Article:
Other factors associated with increased occurrence include a faster race pace, family history of cramping, long running history and poor flexibility training.
No scientific evidence exists that suggests that any nutrient and/or nutrients can prevent cramping. This is the reason why PVM has not developed a product specific for this purpose. Furthermore, PVM supplements (Octane XTR, Octane 4.0 and Octane Gel) contain sufficient quantities of electrolytes that may prevent electrolyte deficiencies.
3. What causes stitches?
Evidence suggests that a stitch may be caused by irritation of the inner lining of the abdominal cavity (parietal peritoneum) due to increased movement and friction between organs during physical activity. Stomach distension due to a large meal, or consumption of large volumes of fluid can also lead to increased friction resulting in irritation.
4. Reducing the risk of stitches
Don’t eat or drink substantial amounts of food or fluid 2-3 hours before training. High fat foods and fluids with a high sugar concentration are more likely to cause problems. Choose a high carbohydrate, moderate protein and low-fat food for your pre-exercise meal such as PVM Maize Meal Mix or Fusion Meal Replacement.
During training, drink an isotonic sport drink such as OCTANE 4.0/OCTANE XTR. Avoid concentrated fluids such as soft drinks and cordials that empty slowly from the stomach. Take small sips at frequent intervals during training, rather than drinking large volumes at a time. Avoid sports drinks that are not isotonic, as hypertonic drinks will slow gastric emptying and cause stomach distention.
Stitches may also be minimised by following a training schedule that progressively increases in intensity and duration – a sudden increase in intensity is more likely to cause stitches. Unaccustomed training intensity/ duration are common causes of cramps and stitches.
Stitches are rarely a serious problem. However, if the pain is persistent and does not ease when training ceases, it is advisable to consult a doctor.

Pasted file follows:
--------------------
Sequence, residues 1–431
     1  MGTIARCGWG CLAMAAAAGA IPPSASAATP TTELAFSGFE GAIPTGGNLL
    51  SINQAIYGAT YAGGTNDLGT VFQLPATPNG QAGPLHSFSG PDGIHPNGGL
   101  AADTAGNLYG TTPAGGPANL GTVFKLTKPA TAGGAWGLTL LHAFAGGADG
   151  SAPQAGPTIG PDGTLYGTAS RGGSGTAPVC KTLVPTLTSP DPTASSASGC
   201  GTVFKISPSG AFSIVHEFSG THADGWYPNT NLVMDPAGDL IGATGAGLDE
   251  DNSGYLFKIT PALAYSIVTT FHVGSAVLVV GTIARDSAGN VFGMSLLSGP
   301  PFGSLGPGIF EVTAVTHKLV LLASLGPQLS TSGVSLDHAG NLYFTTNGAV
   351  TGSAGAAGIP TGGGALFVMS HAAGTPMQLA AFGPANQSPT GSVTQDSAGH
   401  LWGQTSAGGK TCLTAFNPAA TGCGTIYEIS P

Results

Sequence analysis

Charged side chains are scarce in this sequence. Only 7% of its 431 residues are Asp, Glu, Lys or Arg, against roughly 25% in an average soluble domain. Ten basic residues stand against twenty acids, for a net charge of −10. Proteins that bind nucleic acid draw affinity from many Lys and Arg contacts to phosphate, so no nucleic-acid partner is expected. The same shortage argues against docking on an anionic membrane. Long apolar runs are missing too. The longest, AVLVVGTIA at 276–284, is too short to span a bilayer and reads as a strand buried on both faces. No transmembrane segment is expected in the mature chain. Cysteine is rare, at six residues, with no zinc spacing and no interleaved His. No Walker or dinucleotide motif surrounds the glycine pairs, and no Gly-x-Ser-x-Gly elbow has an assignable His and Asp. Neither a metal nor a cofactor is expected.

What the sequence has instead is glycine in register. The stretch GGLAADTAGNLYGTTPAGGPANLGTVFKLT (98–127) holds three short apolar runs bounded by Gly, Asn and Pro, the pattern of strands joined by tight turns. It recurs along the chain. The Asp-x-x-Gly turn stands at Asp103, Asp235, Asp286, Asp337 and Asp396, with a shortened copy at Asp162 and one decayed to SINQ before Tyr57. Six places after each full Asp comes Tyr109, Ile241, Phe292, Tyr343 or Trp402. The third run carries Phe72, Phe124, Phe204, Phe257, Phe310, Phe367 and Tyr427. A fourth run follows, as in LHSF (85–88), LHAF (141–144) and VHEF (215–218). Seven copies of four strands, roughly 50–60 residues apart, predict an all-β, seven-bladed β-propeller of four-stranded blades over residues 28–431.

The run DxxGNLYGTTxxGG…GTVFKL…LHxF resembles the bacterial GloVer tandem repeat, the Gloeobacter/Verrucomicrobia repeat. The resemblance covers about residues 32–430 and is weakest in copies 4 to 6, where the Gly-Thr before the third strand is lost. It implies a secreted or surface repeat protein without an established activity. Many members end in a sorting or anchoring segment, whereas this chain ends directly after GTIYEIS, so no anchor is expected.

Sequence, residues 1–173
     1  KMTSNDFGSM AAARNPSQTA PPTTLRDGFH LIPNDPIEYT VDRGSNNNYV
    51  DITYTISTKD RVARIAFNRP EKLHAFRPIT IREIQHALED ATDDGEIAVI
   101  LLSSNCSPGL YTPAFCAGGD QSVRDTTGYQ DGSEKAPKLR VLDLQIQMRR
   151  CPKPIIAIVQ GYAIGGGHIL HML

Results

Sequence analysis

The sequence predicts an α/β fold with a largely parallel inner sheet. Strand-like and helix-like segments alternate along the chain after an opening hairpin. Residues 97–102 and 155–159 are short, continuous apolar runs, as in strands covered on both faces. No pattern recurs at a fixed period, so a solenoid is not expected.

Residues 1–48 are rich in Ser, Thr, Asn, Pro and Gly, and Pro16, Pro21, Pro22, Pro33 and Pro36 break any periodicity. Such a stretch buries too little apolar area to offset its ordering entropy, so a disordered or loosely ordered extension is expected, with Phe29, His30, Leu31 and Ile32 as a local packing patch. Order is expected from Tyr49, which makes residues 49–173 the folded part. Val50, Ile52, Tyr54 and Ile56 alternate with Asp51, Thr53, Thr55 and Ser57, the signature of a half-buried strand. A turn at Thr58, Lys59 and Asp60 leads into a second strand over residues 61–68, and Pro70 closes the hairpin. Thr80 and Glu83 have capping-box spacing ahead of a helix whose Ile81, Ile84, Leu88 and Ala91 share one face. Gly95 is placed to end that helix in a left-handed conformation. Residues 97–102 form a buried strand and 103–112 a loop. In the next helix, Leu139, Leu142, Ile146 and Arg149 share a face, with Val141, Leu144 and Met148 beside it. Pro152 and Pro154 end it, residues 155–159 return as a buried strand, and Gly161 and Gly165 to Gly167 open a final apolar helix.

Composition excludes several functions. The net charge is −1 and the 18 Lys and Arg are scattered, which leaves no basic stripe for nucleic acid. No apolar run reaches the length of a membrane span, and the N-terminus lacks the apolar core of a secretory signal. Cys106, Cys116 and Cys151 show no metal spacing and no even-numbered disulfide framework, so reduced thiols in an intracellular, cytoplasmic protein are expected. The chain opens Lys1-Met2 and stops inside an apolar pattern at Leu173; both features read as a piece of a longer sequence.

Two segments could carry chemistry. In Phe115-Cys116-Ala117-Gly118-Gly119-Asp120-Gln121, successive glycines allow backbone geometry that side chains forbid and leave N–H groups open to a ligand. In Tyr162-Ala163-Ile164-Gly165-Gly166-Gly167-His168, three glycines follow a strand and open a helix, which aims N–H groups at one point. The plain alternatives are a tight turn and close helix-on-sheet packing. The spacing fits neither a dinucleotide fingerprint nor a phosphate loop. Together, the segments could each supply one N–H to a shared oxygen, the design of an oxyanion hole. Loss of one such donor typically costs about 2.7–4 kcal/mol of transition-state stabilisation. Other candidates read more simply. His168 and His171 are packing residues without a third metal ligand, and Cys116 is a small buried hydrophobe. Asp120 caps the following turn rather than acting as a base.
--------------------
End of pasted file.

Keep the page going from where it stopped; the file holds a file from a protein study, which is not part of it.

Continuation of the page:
- Scientific evidence suggests that muscle fatigue is the most probable cause of cramps. Currently, scientific evidence does not support the notion that the occurrence of muscle cramps is associated with electrolyte deficits and/or nutritional deficiencies that can be prevented with the consumption of specific nutrients. Therefore, use of products claiming to be so called “cramp-stop” products, are unfounded. On the contrary, they can even be detrimental for e.g. lead to gastro-intestinal discomfort. Octane 4.0 and Octane XTR contain the recommended amount and type of electrolytes.
- Severe dehydration/over hydration can however play a role and should be avoided.
- To decrease the occurrence of cramps, individuals should be well conditioned for the intensity and duration of the event.
- Although no scientific correlation between creatine use and muscle cramps have been found, individuals prone to cramping should only use a lower/maintenance creatine dose.
- The risk of cramps increases under the following circumstances:
- If there are substantial differences between the environmental conditions of training versus competition.
- If there are large variations in the surface conditions between training and competition (such as training on the road while racing on a trail).
- Sudden changes in equipment (such as footwear) shortly prior to competition.
- Sudden biomechanical angle changes (technique and bike posture).
- Large meals and fluid volumes too close to commencement of training/racing can cause stitches.
- Avoid foods that cause stomach distention such as high fibre and fatty meals prior to, and during events.
- To reduce occurrence of stitches, consume isotonic sports drinks during training. Take small sips at frequent intervals. Follow a training schedule that progressively increases intensity.
Experiences and treatment effects may differ from athlete to athlete. The best approach would be to individualize approach to the prevention/treatment of muscle cramps and implement preventative strategies well in advance to competition.